Domestic gas prices hiked 40%; CNG, cooking gas to cost dearer

New Delhi: The price of gas from old domestic fields hiked by 40 percent to $8.57/MMBtu from $6.1/MMBtu, according to the order issued by Petroleum Planning & Analysis Cell on Friday.

The price of domestic natural gas for the six months starting April 1 has been fixed at $6.10 per million British thermal unit (mmBtu) from $2.90 per mmBtu for the second half of FY22. This price will be applicable for the regulated gas fields of state-run majors ONGC and Oil India Ltd.

The rise in prices comes on the back of increase in global energy prices amid Russia Ukraine crisis.

“In accordance with Para 8 of the “New Domestic Natural Gas Pricing Guidelines, 2014“ issued by Ministry of Petroleum and Natural Gas, Govt. of India, the price of Domestic Natural Gas for the period 1st October 2022 to 31 March 2023 is $8.57/MMBTU on Gross Calorific Value (GCV) basis,” according to an order from the oil ministry’s Petroleum Planning and Analysis Cell (PPAC).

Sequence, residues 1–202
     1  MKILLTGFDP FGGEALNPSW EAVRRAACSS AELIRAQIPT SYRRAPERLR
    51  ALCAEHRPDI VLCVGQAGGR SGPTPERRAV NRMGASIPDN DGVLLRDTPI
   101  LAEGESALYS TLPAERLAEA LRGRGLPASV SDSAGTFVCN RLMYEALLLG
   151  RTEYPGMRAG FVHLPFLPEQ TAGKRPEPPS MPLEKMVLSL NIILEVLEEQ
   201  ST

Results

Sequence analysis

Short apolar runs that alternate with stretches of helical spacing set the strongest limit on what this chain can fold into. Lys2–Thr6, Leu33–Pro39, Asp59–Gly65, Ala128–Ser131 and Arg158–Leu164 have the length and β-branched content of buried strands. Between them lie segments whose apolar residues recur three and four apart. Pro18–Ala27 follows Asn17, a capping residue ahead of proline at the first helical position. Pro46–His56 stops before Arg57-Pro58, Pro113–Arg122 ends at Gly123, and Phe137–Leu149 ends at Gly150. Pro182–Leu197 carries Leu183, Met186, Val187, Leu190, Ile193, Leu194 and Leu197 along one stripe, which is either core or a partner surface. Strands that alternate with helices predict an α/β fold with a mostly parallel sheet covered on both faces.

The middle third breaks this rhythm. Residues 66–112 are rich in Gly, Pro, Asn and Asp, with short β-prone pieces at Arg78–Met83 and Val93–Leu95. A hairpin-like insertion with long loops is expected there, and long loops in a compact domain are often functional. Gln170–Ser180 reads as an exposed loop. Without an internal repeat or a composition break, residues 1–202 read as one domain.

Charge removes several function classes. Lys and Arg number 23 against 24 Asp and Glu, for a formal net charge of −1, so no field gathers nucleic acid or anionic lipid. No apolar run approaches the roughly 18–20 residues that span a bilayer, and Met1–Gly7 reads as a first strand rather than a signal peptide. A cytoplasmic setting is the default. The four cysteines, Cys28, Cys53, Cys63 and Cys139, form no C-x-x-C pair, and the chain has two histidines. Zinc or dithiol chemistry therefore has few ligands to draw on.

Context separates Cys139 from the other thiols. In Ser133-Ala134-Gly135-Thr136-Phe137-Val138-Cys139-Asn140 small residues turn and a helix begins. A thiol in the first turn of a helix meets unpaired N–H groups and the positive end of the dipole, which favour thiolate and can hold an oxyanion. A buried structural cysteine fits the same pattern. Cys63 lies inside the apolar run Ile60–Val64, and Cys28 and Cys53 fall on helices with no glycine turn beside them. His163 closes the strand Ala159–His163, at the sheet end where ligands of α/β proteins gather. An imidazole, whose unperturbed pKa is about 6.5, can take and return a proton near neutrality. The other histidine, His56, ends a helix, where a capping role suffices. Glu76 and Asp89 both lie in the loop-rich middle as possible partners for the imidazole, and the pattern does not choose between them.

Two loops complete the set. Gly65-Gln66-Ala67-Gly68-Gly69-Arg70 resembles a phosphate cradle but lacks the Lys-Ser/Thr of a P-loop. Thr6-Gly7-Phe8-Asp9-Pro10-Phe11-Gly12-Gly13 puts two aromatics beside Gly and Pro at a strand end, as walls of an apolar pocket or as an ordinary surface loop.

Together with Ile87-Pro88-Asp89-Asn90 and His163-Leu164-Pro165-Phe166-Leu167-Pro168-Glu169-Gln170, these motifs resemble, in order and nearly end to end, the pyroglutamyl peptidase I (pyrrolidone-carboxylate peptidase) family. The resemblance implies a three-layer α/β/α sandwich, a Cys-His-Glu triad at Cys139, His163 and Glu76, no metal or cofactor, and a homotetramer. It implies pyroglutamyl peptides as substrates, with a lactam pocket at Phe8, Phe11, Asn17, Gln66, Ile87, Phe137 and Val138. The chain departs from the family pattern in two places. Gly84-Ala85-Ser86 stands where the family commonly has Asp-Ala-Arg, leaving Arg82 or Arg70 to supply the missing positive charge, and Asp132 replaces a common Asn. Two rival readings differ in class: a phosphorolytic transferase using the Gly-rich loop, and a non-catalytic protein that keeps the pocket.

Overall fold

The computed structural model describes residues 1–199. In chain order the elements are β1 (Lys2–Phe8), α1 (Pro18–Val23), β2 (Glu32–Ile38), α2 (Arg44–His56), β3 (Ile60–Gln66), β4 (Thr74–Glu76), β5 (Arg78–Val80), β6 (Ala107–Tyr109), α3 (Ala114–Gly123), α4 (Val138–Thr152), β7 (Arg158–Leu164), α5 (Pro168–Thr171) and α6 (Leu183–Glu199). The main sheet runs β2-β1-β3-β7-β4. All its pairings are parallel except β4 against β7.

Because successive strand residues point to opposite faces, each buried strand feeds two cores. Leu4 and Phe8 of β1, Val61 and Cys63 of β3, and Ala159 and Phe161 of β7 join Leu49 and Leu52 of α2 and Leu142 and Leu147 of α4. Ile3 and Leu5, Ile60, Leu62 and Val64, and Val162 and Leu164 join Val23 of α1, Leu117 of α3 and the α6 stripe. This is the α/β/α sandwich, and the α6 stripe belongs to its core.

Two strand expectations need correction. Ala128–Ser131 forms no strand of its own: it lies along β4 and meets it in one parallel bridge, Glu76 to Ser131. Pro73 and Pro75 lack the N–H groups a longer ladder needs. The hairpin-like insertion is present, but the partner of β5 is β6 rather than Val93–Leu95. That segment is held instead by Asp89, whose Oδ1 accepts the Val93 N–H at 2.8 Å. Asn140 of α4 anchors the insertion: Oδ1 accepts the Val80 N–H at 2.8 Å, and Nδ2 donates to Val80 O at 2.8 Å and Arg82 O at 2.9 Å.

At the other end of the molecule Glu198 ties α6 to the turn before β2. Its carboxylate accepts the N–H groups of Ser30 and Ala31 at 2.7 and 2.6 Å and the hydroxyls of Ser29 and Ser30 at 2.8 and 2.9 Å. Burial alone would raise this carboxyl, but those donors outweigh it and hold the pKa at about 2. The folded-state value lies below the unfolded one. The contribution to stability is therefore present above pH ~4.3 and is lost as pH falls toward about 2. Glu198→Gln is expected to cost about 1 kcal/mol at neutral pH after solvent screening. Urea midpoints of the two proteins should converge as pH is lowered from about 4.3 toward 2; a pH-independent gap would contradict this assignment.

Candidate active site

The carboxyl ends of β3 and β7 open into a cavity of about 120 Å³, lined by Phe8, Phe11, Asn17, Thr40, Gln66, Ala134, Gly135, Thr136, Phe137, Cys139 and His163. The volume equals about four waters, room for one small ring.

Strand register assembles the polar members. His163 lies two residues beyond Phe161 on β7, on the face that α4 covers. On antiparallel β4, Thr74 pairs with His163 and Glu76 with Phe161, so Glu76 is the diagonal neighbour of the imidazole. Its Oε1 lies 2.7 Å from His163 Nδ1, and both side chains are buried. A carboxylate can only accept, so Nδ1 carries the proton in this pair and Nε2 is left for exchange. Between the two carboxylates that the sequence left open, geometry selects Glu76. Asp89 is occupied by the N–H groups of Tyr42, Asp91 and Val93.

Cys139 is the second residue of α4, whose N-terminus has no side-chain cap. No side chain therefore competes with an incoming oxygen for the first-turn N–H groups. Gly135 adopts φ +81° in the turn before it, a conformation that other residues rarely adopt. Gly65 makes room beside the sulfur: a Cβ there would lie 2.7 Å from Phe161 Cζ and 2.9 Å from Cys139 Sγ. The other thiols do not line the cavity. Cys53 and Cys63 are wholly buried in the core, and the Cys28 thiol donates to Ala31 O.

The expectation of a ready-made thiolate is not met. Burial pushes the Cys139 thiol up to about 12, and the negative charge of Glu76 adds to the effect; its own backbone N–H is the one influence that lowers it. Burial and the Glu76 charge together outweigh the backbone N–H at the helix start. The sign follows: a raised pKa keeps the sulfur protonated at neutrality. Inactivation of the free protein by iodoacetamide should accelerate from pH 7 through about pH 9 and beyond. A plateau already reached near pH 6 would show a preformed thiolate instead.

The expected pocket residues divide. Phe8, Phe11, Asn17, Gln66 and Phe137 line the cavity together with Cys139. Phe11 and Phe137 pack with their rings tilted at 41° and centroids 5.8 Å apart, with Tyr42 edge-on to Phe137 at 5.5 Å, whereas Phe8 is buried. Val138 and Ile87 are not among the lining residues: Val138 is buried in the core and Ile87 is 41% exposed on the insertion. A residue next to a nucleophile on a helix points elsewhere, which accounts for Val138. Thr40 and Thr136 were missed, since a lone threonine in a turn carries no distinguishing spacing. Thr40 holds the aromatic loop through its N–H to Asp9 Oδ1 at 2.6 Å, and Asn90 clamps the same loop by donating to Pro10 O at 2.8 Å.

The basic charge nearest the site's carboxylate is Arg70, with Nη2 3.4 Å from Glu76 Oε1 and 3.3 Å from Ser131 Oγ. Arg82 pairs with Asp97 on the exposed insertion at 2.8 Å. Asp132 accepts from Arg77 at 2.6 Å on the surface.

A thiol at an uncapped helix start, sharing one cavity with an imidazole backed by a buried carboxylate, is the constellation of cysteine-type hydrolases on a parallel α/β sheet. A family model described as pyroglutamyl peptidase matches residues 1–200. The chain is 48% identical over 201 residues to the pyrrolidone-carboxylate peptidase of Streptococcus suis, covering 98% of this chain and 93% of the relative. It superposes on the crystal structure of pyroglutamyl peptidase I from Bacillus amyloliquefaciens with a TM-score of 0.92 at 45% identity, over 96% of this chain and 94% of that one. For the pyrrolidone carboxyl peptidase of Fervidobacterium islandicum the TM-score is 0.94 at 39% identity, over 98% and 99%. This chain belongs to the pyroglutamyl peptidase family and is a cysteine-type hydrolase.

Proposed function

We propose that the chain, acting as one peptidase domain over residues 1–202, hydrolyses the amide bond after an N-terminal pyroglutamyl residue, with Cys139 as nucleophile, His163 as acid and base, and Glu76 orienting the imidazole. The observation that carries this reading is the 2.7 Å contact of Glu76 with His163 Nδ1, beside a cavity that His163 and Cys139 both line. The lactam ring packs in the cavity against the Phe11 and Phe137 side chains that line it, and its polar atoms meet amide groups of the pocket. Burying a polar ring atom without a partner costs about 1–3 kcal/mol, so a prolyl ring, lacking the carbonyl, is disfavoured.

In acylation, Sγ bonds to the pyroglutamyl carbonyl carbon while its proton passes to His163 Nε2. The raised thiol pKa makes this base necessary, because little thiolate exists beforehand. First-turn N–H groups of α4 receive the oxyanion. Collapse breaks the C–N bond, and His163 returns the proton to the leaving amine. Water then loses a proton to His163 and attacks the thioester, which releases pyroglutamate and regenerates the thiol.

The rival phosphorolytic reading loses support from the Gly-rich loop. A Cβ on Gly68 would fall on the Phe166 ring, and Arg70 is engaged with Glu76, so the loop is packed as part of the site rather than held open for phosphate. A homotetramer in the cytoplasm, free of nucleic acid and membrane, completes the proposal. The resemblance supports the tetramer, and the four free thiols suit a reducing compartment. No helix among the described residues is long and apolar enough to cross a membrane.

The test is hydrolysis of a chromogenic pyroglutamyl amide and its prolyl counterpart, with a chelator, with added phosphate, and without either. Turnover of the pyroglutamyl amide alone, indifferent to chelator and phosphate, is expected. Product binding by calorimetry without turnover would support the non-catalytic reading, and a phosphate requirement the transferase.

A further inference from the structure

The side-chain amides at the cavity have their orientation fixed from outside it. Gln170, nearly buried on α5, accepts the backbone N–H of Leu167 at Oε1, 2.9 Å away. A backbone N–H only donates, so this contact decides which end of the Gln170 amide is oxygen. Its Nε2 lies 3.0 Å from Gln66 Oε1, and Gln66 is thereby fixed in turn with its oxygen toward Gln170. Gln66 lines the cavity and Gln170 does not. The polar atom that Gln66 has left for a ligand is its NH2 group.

Simultaneously, the price of gas from deepwater, ultra deepwater and high pressure-high temperature areas like the ones in Reliance Industries Ltd and its partner bp plc operated deepsea D6 block in KG basin, was hiked to $12.6 per mmBtu from $9.92

“In accordance with Ministry of Petroleum and Natural Gas, Govt. of India, Notification No. O-22013/27/2012-ONG-D-V (Vol-II) dated 21.03.2016 for marketing including pricing freedom for gas being produced from discoveries in Deepwater, Ultra Deepwater and High Pressure-High Temperature areas, the gas price ceiling for the period 1st October, 2022 31st March, 2023 is $12.46/MMBTU on Gross Calorific Value (GCV) basis,” the order reads.

Also, this will be the third increase in rates since April 2019 and comes on the back of firming benchmark international prices.

The government sets the price of gas every six months, on 1 April and 1 October, each year based on global rates.

So, the price for 1 October to 31 March, is based on the average price from July 2021 to June 2022. This is the period when global rates shot through the roof.

The rise in natural gas price is likely to lead to further increase in piped natural gas, CNG and LPG prices which will further impact the budget of the common man. Inflation rates which are already very high will continue its northward movement with the hike in gas prices.

Recently, the India’s retail inflation inched up to 7% in August from 6.71% in July mainly due to higher food prices, as per the government data showed. The consumer price index-based inflation is above the Reserve Bank’s comfort level of 6% for the eighth month in a row.

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